By George P. Bush
George P. Bush is Commissioner for the Texas General Land Office (GLO), the state agency tasked with leading the disaster recovery process after Hurricane Harvey, the second most destructive storm in American history. This guest editorial is a response to yesterday’s post about disaster recovery taking more time than it took to win World War II. In it, Mr. Bush suggests specific ways to accelerate disaster recovery.
As June 1st rapidly approaches, Texas coastal communities are wondering what the 2021 Hurricane Season will hold. Will thousands of Texas families be spared, or will they endure hurricane-force winds and flooding with years of recovery ahead of them?
We cannot stop natural disasters from happening, but we can certainly speed recovery efforts. The Texas General Land Office (GLO) has administered recovery programs for seven of the 18 major declared disasters the State of Texas has experienced in the last 15 years. We know firsthand how exhausting and lengthy this process can be. After flood waters have abated and the debris has been cleared, communities face the next hurdle – navigating the arduous and overly burdensome bureaucracy shackling speedy recovery efforts.
Cutting Red Tape
My GLO team and I recognize the importance of following procedures to safeguard federal funds, but also understand bureaucracy is an obstruction to recovery and mitigation. Community Development Block Grants for Disaster Recovery (CDBG-DR) appropriated by the U.S. Department of Housing and Urban Development (HUD) take years to reach disaster survivors. One of the most frequent concerns we hear—from survivors, county and local officials, and other stakeholders—is that CDBG-DR funds do not flow quickly enough to communities in need.
First, we must ensure effective and efficient disaster recovery by providing the framework for programs and activities that provide disaster relief; resiliency; long-term recovery; restoration of infrastructure and housing; economic revitalization; and mitigation in areas impacted by Presidentially declared disasters. This begins with codification of CDBG-DR program rules and regulations.
Reducing Upfront Delays
For every new allocation, a new series of rules are written and published in the Federal Register. In Texas we are currently implementing CDBG supplemental funding for 8 events governed by 22 separate Federal Registers (rule books for how funding allocations may be used). A good amount of those rules, such as the national objectives imposed and the range of eligible activities, remain largely the same each time, but others are entirely new. Based on our experience, it takes between nine to sixteen months for a Federal Register Notice to be published for allocations of recovery funding after the major disaster declaration takes place. These allocations must first be granted to a state or other grantee following a special appropriation from Congress.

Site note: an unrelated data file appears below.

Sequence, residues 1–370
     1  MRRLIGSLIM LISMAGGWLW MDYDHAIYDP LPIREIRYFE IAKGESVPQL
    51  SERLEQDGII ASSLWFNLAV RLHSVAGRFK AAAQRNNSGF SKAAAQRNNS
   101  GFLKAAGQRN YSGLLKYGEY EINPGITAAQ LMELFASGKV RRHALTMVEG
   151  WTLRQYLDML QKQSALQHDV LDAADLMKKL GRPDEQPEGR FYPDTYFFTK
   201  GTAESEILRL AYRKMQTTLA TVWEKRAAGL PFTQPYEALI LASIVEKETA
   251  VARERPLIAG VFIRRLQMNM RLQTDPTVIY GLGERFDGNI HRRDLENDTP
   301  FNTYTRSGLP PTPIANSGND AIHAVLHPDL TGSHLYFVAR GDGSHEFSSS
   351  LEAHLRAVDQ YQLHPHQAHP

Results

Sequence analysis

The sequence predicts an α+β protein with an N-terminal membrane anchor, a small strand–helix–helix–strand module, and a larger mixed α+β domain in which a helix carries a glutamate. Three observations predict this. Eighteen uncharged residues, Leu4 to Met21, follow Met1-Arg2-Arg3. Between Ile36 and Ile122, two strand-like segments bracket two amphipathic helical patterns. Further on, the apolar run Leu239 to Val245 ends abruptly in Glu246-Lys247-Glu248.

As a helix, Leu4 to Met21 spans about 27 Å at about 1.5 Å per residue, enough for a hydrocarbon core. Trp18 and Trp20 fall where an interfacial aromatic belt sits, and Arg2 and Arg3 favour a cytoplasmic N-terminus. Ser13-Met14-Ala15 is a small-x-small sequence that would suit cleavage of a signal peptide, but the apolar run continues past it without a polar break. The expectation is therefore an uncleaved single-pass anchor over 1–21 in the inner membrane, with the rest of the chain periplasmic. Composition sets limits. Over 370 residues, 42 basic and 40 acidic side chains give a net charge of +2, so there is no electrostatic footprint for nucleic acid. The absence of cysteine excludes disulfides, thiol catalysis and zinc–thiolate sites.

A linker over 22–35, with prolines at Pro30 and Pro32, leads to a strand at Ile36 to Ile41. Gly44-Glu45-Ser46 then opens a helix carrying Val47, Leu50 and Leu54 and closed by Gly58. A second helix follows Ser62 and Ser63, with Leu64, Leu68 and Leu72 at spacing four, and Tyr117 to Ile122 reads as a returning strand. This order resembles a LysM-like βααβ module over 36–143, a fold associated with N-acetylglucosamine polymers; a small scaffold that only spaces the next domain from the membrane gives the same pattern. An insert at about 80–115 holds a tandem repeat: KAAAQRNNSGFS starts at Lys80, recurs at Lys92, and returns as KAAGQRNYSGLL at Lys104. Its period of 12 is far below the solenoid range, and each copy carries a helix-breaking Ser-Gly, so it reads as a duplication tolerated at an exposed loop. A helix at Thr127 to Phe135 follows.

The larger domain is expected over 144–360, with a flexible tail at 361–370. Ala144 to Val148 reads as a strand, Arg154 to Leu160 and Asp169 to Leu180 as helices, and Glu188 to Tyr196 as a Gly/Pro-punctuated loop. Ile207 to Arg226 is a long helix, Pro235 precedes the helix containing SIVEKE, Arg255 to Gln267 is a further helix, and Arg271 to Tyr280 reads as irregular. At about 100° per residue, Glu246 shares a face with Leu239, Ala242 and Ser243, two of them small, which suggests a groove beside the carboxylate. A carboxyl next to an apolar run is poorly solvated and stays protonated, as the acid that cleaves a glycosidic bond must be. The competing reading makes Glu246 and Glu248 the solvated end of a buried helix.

Inspector General Recommends Codifying Rules
HUD going back to the drawing board for each appropriation consumes critical time that could be spent setting up programs at the state and local levels if the rules were codified. In July 2018, the HUD Office of Inspector General (HUD OIG) issued a report that identified 59 common rules HUD issues when drafting Federal Registers. The same report recommended HUD work to codify the CDBG-DR program.
Fund deployment speed can also be enhanced by:
- Streamlining processes at the federal level and at HUD
- Retaining and developing in-house knowledge
- Empowering grantees to move with a purpose.
Five Specific Recommendations to Expedite Process
There are several steps the federal government can take to expedite this process. Here are the five I consider to be the most impactful:
- Create Office of Disaster Relief and Recovery – HUD currently has several offices with jurisdiction over CDBG-DR funds. This creates a tangled web of bureaucracy when HUD drafts a Federal Register, approves an Action Plan, or a grantee must seek a waiver or other change to program, vastly delaying the distribution of funds. A distinct disaster recovery division headed by an Assistant Secretary with discretion over disaster recovery funds would limit stove-piped information, reduce redundancies, and expedite decision-making authority within HUD. This change alone would vastly reduce delays in program progress.